are many areas that are de facto marine reserves (see Table 1) and many of these could,
with little change to the regulations, be formally recognised as such.

II PRINCIPLES OF DEFINITION: The rules for marine reserves.

        The essential regulations for marine reserves are those needed to maintain the full
expression of the intrinsic processes in the sea, and hence allow the free development of
natural biodiversity at all levels. At first sight these rules seemed very fierce and many
people thought they were unnecessarily so. However, when ÔweakerÕ versions were tried
it became clear that the tough versions were mandatory Ð for both scientific and practical
reasons. The necessary rules for marine reserves are:

       1. No fishing of any kind.
       2. No removal of any material Ð living, dead or mineral.
       3. No active human disturbance Ð no dredging, dumping, construction or
          any other human activity that might disrupt natural processes.
       4. Subject to the above, encouraging people to view, appreciate and study
          the results of this protection.
       5. These rules and the reserves are permanent.

       These principles of definition form a consistent, coherent and necessary set. They
cannot be separated or diluted without loss of the purpose. It took a long time and much

trial and error to see that this was true. Many attempts to weaken these rules were made
by various interests for a wide range of reasons. The main arguments that were used can
be summarised as follows:

People are part of nature, everything they do is natural (including fishing)

    This argument is logical, but is merely semantic. If we choose to define ÔnaturalÕ in
this way, then we have to find other words to describe what fish and marine habitats do in
the absence of exploitation by people. Whether fishing is ÔnaturalÕ or not, it has
significant effects, not only for fishermen, but also on the fish and their habitats. This is
even more obvious for dredging, dumping, reclamation, etc.

    Marine life and habitats have their own dynamics, which will operate in the total
absence of people. While we can, and often do, affect these dynamics, we need words for
the independent ÔnaturalÕ dynamics. If someone does not wish to use the term ÔnaturalÕ
for these, they must provide some clear alternative to cover this point. They must not be
allowed to deny that there is a difference. If we are to have effective management, we
need to know the difference between what we have caused by our activities and what
would have happened anyway, or in the absence of these activities.

WhatÕs the problem? ÒIf it is not broken, do not try to fix it.Ó

    At first sight this argument sounds hard-headed and practical, but it includes so many
unreasonable assumptions it is actually dangerous and irresponsible. First the idea
assumes that there is some simple ÔitÕ, when in fact we are dealing with a very complex
set of populations, habitats and ecosystems. Then the argument assumes that we would be
able to recognise when and where these systems were ÔbrokenÕ or damaged. In practise,
we have not even described all the parts (species) of any of the systems. We keep
discovering more of the processes involved. We have no reliable way of telling whether
the essential processes are operating properly, or even, in most cases, what ÔproperlyÕ
would mean. Given these levels of ignorance, it is dangerous to rely entirely on noticing
when things Ôgo wrongÕ.

    What the proponents of this argument are really assuming is that if they have not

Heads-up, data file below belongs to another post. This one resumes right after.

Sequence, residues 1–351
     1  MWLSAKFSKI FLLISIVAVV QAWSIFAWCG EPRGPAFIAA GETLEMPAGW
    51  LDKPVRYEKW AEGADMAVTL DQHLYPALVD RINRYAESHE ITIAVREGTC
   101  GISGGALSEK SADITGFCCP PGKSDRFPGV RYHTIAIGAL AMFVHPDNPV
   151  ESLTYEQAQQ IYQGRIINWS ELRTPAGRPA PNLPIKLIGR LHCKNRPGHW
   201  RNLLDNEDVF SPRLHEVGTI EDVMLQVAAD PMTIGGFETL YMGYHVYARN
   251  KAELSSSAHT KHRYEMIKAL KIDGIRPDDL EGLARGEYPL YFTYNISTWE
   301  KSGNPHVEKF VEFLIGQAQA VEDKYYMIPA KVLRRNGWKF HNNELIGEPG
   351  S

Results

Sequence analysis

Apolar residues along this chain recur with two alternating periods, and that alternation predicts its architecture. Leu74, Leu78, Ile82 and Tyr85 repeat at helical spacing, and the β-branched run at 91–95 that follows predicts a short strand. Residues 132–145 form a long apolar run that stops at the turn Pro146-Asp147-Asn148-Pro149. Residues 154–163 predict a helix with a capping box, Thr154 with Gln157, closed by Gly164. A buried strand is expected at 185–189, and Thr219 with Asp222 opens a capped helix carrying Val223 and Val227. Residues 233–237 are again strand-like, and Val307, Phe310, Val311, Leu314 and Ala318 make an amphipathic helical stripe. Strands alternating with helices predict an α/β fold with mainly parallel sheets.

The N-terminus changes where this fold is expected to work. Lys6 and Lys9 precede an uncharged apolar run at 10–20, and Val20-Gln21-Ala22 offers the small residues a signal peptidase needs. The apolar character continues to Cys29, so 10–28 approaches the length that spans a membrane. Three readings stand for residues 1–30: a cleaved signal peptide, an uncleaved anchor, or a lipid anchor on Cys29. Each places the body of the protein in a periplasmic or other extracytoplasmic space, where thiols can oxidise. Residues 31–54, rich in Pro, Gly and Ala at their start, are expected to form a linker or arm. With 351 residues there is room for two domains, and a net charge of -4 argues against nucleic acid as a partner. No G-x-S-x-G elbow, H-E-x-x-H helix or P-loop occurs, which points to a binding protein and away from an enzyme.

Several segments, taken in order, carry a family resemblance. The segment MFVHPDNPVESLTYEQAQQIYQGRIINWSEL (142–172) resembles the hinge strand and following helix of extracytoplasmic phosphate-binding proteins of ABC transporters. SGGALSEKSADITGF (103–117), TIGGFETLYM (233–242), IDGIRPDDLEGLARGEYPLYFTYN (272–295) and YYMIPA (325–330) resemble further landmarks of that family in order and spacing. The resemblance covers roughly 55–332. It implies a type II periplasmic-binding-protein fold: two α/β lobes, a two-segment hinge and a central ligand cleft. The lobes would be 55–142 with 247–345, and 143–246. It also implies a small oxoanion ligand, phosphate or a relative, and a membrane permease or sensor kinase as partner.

noticed any problem or inconvenience then there is nothing wrong. They are, of course,
entitled to think in that way, but the rest of us can recognise that this attitude is narrow-
minded, short-sighted and quite inadequate for sensible management.

         In New Zealand, for the second marine reserve (around the Poor Knight Is) this
argument was initially used to deny the principle of Ôno-takeÕ. The authorities (and the
majority of interested citizens) felt that some kinds of fishing were doing no harm and
could be allowed to continue in the ÔreserveÕ. So the initial regulations permitted a short
list of species to be caught within the reserve by a restricted list of methods. For a few
years the plan seemed to be working, and those in charge congratulated themselves on a
victory for pragmatism.

        However problems slowly emerged and steadily became more serious.
Enforcement was difficult due to the complex rules. The majority of visitors to the
ÔreserveÕ, many of whom came long distances to witness the spectacular natural life and
underwater scenery, were annoyed to find any fishing going on. Other visitors came
specially to fish, under the impression that it must be better there due to the restrictions.
Two conflicting groups started to emerge. Explanations about the rules became tedious
and confused (Department of Conservation, 1995). After two rounds of public
submissions, a court injunction and a great deal of political fuss, it was finally decided
(after 16 years!) to make the whole marine reserve Ôno-takeÕ.

       The lesson was painfully learnt, but was perfectly clear. If we merely wish to
reduce some fishing pressure, we should not involve the idea of marine reserves at all Ð
simply apply some extra fishing regulations under standard Ôdetailed managementÕ. If,
however, we want the full range of benefits that a marine reserve can offer (see below)
we must have the full set of rules. The messy and lengthy argument over the rules at the
Poor Knights taught this lesson to New Zealanders the hard way. All subsequent marine
reserves in New Zealand (14 more to date) have been strictly Ôno-takeÕ.

Universal fishing is a right, unless there is a clearly defined problem.

         Table I shows that fishing ÔrightsÕ are often cancelled for various reasons. It is
socially and politically practical to close areas of the sea to fishing. Such closures are